Kenyans could soon be enjoying free secondary school education from next year, if a report presented to the president is implemented.
The report, which was presented by a task-force on education chaired by former education Assistant Minister Kilemi Mwiria who has since been appointed presidential adviser on education, recommends among other things;
• The introduction of free secondary education from January 2015;
• Stop registration of new public schools and proper regulation and expansion of those in existence;
• Automatic progression from primary to post-primary education.
• The report proposes two ways in which the government can achieve free secondary school education:
FREE SECONDARY EDUCATION
Scenario 1: The Government to meet the costs of teaching and learning materials, operational costs and meals.
In this scenario the Government is meant to provide a capitation grant of Kshs 23,975 to these costs in all public schools.
The capitation grant for day schools should be free while boarding and special needs schools should be Kshs 33,108 and Kshs 16,704 respectively.
The team recommends that the Government should raise the capitation grant by Kshs 11,105 per student.
With the existing enrolment of 2,144,069 students, the government will require to raise a total of Kshs 51.5 billion annually allowing for projected growth of 8%.
Scenario 2: The Government to meet teaching and learning materials and related operational costs, excluding meals.
The taskforce proposes student fees for day schools to be Kshs 5,861 and Kshs 38,969 per student per year for those who opt for boarding schools and Kshs 22,565 for special needs schools.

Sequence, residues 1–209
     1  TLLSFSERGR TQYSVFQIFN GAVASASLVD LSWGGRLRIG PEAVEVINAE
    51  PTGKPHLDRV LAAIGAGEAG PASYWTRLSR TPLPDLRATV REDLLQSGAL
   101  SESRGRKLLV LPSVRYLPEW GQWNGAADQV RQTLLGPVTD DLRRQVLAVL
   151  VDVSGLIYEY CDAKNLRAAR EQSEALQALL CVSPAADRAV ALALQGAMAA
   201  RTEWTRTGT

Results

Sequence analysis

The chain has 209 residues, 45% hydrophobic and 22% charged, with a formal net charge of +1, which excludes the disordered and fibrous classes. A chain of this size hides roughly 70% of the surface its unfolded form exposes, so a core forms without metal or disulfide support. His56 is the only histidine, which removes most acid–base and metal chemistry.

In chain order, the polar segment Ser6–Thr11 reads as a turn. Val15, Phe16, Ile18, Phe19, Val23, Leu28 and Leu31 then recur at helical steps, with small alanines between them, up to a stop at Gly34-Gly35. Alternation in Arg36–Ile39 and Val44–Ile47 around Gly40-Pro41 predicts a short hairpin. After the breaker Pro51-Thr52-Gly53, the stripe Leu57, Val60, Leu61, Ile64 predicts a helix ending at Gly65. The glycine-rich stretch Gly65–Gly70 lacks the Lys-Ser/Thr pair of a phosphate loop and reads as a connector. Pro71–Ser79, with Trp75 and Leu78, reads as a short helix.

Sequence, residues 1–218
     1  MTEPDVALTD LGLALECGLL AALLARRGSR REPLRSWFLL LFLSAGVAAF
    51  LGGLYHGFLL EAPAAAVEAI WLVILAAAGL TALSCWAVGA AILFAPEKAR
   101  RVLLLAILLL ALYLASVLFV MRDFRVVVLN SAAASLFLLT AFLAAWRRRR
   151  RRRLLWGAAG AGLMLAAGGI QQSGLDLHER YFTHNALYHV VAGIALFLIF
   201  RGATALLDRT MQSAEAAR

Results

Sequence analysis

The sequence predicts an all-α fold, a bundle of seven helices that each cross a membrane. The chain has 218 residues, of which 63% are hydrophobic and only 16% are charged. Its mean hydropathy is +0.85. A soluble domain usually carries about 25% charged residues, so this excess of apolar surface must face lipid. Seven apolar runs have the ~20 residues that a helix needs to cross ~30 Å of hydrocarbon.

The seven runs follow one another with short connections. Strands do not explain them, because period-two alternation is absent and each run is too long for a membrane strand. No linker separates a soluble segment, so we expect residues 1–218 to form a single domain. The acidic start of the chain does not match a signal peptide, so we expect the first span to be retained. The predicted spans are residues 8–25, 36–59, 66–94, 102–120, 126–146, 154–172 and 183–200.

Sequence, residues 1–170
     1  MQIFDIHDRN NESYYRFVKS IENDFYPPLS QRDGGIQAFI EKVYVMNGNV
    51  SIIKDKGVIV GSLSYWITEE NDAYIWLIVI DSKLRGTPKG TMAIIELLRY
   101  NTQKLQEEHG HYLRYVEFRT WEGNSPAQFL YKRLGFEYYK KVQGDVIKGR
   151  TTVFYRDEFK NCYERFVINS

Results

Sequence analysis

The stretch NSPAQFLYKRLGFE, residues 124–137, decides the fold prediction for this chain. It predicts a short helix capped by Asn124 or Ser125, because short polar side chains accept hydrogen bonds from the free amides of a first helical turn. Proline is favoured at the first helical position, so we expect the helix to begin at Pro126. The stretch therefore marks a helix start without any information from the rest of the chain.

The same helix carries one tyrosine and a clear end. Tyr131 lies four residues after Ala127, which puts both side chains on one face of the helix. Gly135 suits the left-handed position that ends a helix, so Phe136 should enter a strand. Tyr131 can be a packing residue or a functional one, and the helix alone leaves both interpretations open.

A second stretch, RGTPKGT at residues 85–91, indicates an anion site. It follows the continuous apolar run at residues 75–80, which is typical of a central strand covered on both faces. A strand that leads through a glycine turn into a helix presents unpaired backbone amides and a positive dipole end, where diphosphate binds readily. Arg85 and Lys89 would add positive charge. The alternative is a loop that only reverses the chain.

This will translate to Kshs 36.8 billion for Free Secondary School Education in 2015. In this scenario the government will be required to raise an additional Kshs 10.8 billion over and above the current allocation.
While receiving the report, President Uhuru Kenyatta publicly announced his support of the recommendations in the report but maintained that stakeholders will be fully consulted before the implementations.
“I fully support the recommendations and I agree with the fact that we can manage our education much better. I totally agree with the issue of not continually opening new schools without first streamlining and utilizing those already in existence,”
The Task Force was appointed by Uhuru in February and was mandated to review secondary school fees with a view to making quality education accessible and affordable to all Kenyan children.
FREE EDUCATION SHOULD COME WITH QUALITY EDUCATION
Kenyans are already enjoying Free Primary Education (FPE), which was introduced during the administration of former President, Mwai Kibaki. Despite the myriad of challenges that came with the introduction of FPE, including congestion and compromises in the quality of education, the system provided an opportunity to access basic education to scores of children who had earlier been locked out of school due to lack of school fees.
There was increased enrolments from 5.8 million children in December 2002 to 7.2 million in May 2003, a GER of 104%.
The private sector, which provides about 20% (MOE Statistical Unit) of education in the country is always seen as the ideal environment for learners as far as the quality of education is concerned but unfortunately majority of Kenyans cannot afford them because of high costs.
Introducing free secondary education is certainly a step in the right direction, especially coming at a time when Kenyans are grappling with high costs of inflation but the government should ensure that the quality of education in the public sector is not compromised otherwise access to ‘quality’ education will remain a preserve of the rich.